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Robotic Programming Help

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Sandfish

New Member
I have never used c or basic programming before. I decided to look at what microcontrollers I could buy that would be able to to direct an autonomous robot that uses an ultrasonic transceiver to detect the objects. I thought the microcontroller would be able to interpret the signals from the transceiver and turn on the right motor, the left motor, or both motors depending on which way the robot would have to go to evade the object. I looked at the basic stamp and I also looked at the PIC. I know the the PIC is cheaper but how much harder is the PIC and are the PIC programmers compatible with most of the PIC's or or just some of them? Any other advice?
 

kchriste

New Member
Forum Supporter
If you get the 18F series PIC, Microchip supplies a free C compiler. There are also free BASIC compilers like SwordFish which will work with an ordinary PIC. Since you know neither language, the choice is yours. Personally, I'd go with the 18F series and the C compiler. The basic stamp would be too limiting for a project like this.
For programmers look at the PicKit2 or a clone like Blueroom's junebug.
 

c36041254

Member
well I would say buy a pickit2 with demo board it comes with 16f690, just go through all the example codes given in the user guide of the board, of course the codes will be in assembly language but it will be very easy for you to program C after working on that, just if you want to go that way.... I found that easy.

Cheers !
 

Sandfish

New Member
So the PIC and C programming would be the to go? Would the PIC kit provide me with all the tools to program and run the PIC?
 

blueroomelectronics

Well-Known Member
The PIC programmer is a tool, just like a screwdriver. It's what you need to get your program on the PIC, the tough part is writing the program.

Even for an experienced programmer it's no cakewalk to write autonomous robot software. You're going to have to walk before you can run.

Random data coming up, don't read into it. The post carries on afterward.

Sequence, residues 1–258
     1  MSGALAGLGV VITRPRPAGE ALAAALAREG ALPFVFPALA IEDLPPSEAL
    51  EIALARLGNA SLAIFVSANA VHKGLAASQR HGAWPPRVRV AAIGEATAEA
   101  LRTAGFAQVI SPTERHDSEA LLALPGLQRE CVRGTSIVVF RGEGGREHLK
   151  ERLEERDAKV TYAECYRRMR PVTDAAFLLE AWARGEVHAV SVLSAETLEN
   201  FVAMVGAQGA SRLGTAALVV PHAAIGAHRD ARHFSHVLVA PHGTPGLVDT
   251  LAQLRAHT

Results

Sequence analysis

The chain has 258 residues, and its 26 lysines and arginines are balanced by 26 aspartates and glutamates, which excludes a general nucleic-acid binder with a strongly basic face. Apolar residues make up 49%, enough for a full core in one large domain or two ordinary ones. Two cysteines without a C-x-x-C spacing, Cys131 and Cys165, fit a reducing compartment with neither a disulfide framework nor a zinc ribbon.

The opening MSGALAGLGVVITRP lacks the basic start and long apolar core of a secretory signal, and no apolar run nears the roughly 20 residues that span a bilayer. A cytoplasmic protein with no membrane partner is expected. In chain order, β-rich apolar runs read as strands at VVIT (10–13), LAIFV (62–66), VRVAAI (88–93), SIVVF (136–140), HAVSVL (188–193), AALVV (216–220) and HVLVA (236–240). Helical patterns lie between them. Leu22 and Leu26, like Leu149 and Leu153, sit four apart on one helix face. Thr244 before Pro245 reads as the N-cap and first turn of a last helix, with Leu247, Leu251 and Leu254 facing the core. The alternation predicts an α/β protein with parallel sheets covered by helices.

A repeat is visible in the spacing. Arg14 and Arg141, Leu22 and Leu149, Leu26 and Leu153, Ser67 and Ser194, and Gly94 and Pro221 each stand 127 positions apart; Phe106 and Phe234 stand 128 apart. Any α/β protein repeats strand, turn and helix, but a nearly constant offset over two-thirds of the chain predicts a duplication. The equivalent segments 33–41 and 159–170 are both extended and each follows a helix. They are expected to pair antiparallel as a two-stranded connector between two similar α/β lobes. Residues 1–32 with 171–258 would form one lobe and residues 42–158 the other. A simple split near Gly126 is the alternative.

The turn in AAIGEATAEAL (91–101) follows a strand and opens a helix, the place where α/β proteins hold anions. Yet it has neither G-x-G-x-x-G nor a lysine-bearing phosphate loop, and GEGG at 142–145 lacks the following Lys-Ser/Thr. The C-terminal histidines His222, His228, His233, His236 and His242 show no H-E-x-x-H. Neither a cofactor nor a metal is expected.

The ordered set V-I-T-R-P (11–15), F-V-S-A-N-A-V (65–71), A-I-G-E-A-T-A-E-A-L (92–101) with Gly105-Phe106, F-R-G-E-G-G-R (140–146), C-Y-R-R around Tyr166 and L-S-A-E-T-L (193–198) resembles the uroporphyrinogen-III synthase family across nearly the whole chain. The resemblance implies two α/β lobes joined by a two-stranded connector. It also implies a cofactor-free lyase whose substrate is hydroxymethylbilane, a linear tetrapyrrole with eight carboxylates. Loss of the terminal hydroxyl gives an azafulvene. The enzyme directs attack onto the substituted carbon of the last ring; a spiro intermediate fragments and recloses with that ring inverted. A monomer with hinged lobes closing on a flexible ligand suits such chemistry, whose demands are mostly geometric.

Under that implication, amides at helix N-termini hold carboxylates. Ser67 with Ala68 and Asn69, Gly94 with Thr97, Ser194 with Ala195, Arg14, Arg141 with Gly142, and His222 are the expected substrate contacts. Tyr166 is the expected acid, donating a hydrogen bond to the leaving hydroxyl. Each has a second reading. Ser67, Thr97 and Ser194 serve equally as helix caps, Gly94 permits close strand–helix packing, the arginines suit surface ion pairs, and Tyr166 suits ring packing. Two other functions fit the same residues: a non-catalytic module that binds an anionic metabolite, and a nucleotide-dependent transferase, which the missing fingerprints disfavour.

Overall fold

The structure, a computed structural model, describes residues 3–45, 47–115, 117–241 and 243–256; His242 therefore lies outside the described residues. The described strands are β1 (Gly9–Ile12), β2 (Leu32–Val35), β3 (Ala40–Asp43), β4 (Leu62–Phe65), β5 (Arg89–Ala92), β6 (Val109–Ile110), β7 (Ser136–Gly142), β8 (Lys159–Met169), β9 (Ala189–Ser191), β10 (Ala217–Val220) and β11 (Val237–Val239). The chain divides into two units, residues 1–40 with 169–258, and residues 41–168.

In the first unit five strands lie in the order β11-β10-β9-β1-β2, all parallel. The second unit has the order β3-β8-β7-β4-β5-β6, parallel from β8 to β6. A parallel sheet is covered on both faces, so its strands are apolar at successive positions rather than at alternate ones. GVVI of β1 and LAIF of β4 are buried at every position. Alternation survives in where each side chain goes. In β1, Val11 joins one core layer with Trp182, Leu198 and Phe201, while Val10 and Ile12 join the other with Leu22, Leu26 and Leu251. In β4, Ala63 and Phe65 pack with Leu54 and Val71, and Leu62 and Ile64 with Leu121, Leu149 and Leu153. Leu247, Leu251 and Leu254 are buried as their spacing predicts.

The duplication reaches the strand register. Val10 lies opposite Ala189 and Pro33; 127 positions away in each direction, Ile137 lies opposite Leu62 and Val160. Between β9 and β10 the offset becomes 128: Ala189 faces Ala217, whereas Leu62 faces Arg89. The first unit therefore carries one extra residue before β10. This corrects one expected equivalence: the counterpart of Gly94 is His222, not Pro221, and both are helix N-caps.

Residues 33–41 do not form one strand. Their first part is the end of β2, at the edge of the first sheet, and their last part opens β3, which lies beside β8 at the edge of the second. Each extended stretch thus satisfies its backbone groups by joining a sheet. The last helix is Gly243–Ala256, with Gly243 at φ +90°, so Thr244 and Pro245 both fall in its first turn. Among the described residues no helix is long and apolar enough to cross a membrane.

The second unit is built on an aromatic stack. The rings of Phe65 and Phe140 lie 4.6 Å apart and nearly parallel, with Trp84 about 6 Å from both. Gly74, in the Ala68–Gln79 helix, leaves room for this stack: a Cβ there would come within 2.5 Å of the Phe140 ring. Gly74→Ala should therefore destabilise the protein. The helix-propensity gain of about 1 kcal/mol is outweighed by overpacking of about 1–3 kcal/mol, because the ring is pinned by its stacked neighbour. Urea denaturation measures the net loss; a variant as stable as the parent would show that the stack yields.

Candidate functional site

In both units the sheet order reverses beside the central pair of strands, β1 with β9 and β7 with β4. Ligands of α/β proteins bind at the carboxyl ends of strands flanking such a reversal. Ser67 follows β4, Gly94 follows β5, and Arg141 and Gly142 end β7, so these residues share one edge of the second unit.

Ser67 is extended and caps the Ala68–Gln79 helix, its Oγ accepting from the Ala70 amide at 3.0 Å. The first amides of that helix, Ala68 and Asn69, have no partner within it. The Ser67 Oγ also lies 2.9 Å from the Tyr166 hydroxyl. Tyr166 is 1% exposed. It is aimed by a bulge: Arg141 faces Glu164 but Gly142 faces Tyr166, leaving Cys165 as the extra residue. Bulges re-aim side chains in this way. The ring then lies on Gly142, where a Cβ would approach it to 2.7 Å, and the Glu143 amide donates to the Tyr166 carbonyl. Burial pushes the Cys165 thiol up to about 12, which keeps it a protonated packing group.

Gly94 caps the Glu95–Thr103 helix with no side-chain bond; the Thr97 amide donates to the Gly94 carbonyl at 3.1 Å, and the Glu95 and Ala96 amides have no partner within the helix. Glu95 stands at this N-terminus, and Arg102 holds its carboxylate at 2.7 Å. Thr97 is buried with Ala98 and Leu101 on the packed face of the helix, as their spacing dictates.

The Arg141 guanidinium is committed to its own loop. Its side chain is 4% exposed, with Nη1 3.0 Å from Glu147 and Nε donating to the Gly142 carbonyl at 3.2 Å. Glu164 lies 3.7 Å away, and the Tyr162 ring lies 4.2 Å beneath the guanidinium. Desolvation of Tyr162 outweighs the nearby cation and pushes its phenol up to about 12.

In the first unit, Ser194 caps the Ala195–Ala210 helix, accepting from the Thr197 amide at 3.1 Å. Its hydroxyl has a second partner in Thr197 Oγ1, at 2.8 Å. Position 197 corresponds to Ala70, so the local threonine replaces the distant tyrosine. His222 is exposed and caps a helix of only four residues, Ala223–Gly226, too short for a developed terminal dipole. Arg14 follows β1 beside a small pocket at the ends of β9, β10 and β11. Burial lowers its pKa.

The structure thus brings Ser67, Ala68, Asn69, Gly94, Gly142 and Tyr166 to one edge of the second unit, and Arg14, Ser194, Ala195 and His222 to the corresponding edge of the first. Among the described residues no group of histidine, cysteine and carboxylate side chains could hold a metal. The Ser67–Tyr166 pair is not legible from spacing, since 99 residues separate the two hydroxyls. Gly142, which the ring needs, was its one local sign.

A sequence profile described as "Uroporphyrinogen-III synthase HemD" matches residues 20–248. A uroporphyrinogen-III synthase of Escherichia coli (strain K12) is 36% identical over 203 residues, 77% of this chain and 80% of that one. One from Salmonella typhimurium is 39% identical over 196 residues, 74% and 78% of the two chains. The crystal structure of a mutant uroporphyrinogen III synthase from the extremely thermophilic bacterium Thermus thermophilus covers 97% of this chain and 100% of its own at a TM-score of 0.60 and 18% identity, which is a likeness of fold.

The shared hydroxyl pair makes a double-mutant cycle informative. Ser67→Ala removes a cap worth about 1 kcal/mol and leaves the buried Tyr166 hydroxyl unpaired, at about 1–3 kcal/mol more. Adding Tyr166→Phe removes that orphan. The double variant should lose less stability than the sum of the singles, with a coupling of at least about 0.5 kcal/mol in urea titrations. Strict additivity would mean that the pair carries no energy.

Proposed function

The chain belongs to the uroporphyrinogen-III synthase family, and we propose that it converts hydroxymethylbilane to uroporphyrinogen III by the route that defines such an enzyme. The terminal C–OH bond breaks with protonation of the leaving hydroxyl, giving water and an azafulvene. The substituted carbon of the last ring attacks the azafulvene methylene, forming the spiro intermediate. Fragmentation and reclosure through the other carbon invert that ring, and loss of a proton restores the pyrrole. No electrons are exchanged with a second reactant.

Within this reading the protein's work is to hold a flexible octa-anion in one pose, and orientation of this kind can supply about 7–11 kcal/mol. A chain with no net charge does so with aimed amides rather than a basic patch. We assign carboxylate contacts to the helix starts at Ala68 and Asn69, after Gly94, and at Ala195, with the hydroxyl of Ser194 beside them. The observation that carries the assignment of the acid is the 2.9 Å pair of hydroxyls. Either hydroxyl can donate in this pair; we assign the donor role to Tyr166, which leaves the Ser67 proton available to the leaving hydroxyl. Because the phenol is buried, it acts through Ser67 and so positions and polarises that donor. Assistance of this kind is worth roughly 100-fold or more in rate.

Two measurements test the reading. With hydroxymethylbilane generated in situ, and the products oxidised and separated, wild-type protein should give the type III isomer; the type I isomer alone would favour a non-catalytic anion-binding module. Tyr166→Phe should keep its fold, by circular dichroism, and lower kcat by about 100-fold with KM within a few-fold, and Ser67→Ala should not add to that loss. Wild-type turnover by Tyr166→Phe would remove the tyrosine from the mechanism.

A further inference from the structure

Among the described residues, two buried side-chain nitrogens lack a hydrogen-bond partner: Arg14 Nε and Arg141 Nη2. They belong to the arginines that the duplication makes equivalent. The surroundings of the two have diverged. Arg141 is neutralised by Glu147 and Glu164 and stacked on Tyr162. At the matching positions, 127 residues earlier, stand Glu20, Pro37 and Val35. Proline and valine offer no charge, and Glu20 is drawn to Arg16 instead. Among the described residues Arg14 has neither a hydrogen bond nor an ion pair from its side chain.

Start with flashing an LED.
 
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be80be

Well-Known Member
For what you want to do you should not pick a pic. Unless you go for a kit like this

You can read about it here blueroomelectronics Mongoose kit
Or a Parallax boebot
Read here Boe-Bot Robot Information
Stamp being the easiest to set up. You'll learn a lot with it
Or you could go with bills kit bigger learning curve but a lot more you can
do as skills are learned
 

blueroomelectronics

Well-Known Member
I based the Mongoose on the BoeBot dragwheel design (I wish I sold 90,000 units like the BoeBot did!)

The BoeBot has an excellent manual (available free online from Parallax) and a worthwhile read for any robot enthusiast. It

BoeBot:

  • continuous rotation servos
  • wheel encoders optional
  • BS2
  • small breadboard
  • excellent user manual
Mongoose:

  • high torque dual gearbox with DC motors
  • quad half bridge with hardware PWM control
  • 18F2525 microcontroller (BASIC, C, Asm, JAL, etc...)
  • dual optical wheel encoders standard
  • medium size breadboard
  • only brief documentation
 

be80be

Well-Known Member
I based the Mongoose on the BoeBot dragwheel design (I wish I sold 90,000 units like the BoeBot did!)
I wish you did too you need to make a kit with legs like this. This is where it's at now
 
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shimniok

Member
Have you ever programmed in any language? If not, maybe you should start with a Lego Mindstorm kit and the visual "programming". Or, start with BASIC as I think it is a simpler language to learn because the syntax is simpler and much less fussy than C.

You learn the fundamental concepts of procedural programming without getting bogged down in minutiae. I think it would be easier to focus on programming the robot if the language doesn't get in the way.

Mind you I love the C programming language, and prefer it for robotics programming, but it is a fairly steep learning curve for someone totally new to programming and programming languages. And in my limited experience so far, programming robots to do anything remotely complex is not easy at all.
 
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